Unholy deeds in the woods
as the largescale destruction of forests continue, there are small pockets of trees all over the country that are still holding out against the mindless deforestation. Sacred groves - small patches of forests which contain a temple and a deity. The copses formed an integral part of the traditional lifestyle of the state and a few years ago were considered successful models of forest conservation. But rituals and half-baked government policies are now posing a serious threat to their survival.
In Kerala, these islands of greenery are known as kavus and the gods generally are Bhagwati or Naga - the snake god. Barely three hours from Trichur is one such grove. These forests have all along been conserved in the name of religion, but now they make for good business. Most of them are in the hands of wily tantriks , who permit the owners to change the land use without any compunction.
Today, even their religious association can not save these groves from destruction. The association is being utilised to yield economic benefits and the price is being paid by the groves. According to land records, there were more than 10,000 groves in Kerala but recent studies indicate that not more than 900 remain. "From 10,000, the sacred groves with an area of at least 200m 2 have been reduced to around 360; but if all sacred groves are included, especially ones with a few trees and an idol, the number would amount to around 900,' says N C Indochoodan, assistant conservator of forests, Nilambur, Kerala, who has recently written a thesis on the diversity of sacred groves of Kerala.
A scarcity of land combined with growing population and development needs have played havoc with the forests of this southern state notwithstanding the religious sanctity attached. "Kerala, with 1 per cent of the country's land mass, has to harbour 4 per cent of the population of India which increases the demographic pressure on the land. This squeeze is being reflected on the sacred groves,' says Indochoodan. According to mythology, the groves house the goddess Bhagwati and the serpent god or Naga and, hence, should be left undisturbed. In fact, removing leaf litter from the forest or harvesting trees is strictly forbidden. But the lure of lucre is too powerful to disobey. Even as the sacred groves are probably entering their last phase of survival, ignorance and a wanton destruction of trees are taking a heavy toll. For instance today, Iringole kavu , which is a two-hour drive from Trichur, has been reduced to a 14-hectare plot, half of the original 27.5 hectares. A considerably well-adorned temple housing goddess Bhagwati and run by the Devasam Board occupies the centre of the grove. The priests stay nearby and are entrusted with the task of protecting the kavu . But this has hardly resulted in any protection and the groves have been reduced to half their original size. Land, that was earlier part of the grove, has been utilised by the adjoining village where houses and roads and private plantations have sprung up.
The story of another grove Sarpa Kavu in Vadama, Mala is slightly different from the previous one. This forest is hemmed in by concrete walls which protects a flourishing business under the cover of the rituals. The small nine-hectare plot of land houses a number of plant species and a small temple, but neighbouring the grove is the real hub of activities, a two-storeyed building that houses the tantriks while a garage in the background houses a few modern cars. A small office in the corner of this building serves as the centre for registration of sacred grove replacements and a reception area where two tantriks, dressed in black, meet visitors. At the counter one can also buy clothes to be worn while taking a dip in the pond nearby before entering the premises of the kavu .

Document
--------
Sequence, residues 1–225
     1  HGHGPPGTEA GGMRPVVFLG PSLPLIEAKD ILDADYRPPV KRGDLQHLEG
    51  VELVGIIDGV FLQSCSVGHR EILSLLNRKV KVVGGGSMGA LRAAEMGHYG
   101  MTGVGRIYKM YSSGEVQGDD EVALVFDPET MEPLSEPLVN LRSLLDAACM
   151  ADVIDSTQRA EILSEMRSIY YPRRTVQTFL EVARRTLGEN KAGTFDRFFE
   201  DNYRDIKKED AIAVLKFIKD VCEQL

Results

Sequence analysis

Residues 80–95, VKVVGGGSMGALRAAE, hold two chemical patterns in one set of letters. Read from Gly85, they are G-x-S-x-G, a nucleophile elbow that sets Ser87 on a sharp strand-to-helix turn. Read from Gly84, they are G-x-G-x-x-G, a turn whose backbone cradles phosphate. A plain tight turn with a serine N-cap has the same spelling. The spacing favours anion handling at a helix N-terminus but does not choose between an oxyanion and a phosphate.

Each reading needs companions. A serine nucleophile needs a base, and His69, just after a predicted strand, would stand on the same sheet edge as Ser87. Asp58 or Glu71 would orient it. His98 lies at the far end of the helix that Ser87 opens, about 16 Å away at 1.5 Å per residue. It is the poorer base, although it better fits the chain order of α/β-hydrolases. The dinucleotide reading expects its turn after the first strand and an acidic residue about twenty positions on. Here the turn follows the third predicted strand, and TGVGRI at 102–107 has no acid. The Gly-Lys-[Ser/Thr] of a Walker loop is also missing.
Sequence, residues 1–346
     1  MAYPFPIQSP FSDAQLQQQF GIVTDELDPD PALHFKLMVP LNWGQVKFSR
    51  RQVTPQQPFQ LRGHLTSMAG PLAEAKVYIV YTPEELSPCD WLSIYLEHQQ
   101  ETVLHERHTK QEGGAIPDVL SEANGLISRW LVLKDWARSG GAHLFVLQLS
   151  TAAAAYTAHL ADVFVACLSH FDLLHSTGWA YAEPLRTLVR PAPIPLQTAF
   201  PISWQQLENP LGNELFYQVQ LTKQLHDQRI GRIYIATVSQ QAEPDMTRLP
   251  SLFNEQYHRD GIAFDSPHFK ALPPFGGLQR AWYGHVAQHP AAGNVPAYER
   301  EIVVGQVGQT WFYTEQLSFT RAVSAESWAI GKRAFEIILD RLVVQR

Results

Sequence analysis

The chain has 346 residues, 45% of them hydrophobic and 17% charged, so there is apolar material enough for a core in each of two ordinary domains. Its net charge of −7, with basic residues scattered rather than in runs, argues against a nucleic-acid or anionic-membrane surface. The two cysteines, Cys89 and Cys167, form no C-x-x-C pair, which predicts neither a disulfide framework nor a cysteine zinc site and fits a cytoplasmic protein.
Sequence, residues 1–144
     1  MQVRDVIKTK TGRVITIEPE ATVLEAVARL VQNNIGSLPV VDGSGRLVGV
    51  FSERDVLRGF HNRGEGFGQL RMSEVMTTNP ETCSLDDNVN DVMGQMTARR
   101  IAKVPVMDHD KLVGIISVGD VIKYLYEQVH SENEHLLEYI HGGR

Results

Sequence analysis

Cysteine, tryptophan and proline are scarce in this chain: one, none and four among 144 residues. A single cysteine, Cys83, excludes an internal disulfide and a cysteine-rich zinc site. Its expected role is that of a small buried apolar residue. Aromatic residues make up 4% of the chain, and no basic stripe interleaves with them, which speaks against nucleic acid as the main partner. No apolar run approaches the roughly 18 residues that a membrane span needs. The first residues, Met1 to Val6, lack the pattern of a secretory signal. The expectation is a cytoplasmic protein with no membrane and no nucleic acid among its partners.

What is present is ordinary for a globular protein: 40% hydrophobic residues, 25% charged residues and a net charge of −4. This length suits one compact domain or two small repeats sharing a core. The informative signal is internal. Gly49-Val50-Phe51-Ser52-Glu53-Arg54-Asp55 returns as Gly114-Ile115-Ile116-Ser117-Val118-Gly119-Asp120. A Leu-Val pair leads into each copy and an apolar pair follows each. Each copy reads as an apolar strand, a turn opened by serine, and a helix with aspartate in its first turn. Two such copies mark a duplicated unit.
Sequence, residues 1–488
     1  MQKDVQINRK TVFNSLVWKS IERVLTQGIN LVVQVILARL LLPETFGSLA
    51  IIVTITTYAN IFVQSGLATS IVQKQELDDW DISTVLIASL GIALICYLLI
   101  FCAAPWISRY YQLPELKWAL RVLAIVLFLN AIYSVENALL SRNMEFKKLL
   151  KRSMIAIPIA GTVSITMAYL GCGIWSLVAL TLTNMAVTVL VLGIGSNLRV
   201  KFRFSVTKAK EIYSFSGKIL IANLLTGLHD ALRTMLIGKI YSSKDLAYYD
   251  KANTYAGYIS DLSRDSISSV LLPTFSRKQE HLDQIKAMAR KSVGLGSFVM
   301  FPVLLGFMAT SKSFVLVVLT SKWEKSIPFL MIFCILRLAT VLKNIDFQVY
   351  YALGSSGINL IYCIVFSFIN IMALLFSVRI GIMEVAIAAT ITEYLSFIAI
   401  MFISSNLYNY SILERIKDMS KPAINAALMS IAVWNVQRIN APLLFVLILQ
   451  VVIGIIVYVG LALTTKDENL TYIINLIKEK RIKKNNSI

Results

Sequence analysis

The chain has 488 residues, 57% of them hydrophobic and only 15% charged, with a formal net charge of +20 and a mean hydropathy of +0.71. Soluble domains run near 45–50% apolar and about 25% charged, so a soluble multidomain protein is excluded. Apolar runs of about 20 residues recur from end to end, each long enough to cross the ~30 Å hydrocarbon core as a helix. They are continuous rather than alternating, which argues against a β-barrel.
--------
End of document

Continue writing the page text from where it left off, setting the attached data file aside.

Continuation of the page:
But how does one replace a forest? According to the tantriks a small ritual is performed to accomplish the task for a price. People who want to usurp the forest land or its natural resources come to the Sarp Kavu and are registered for a fee. Priests from the kavu then go and perform a ritual, which in their own words "transfers the mystical power of the deity associated with the groves to the Sarp Kavu where the idols are finally shifted.' The sacred grove houses tens of thousands of idols brought from households that did away with their own sacred groves. Shifting of the idol accomplishes the so called replacement of forests which in real terms are cut down and cleared.
The tantriks , however, justify their actions and assert that they are abiding by traditional rules and customs. One of them said: "Monetary demands have increased and people are compelled to sell their land today, at times to people who do not belong to their community. This means that people buying these lands do not have a traditional association with the groves and, thus, cannot be allowed to take care of the groves even if they are willing to do it. We are performing a service to save old customs and traditions. In order to save the mystical power of the groves residing in the idols we have to shift it and preserve it in the Sarp Kavu . The land under the groves is then reclaimed and put to uses ranging from construction to cultivation.'
"We have placed a proposal before the forest department to try and curb this practice because this is providing an easy way to do away with the sacred groves,' says Indochoodan. But implementation will take time and till then the sacred groves face the danger of disappearing.
Sacred groves were an essential part of the undivided Hindu households of Kerala in the past. But with the joint family system now defunct, the fragmentation of property has led to the division of sacred groves, too, reducing them to such small areas that their sustainability becomes questionable. The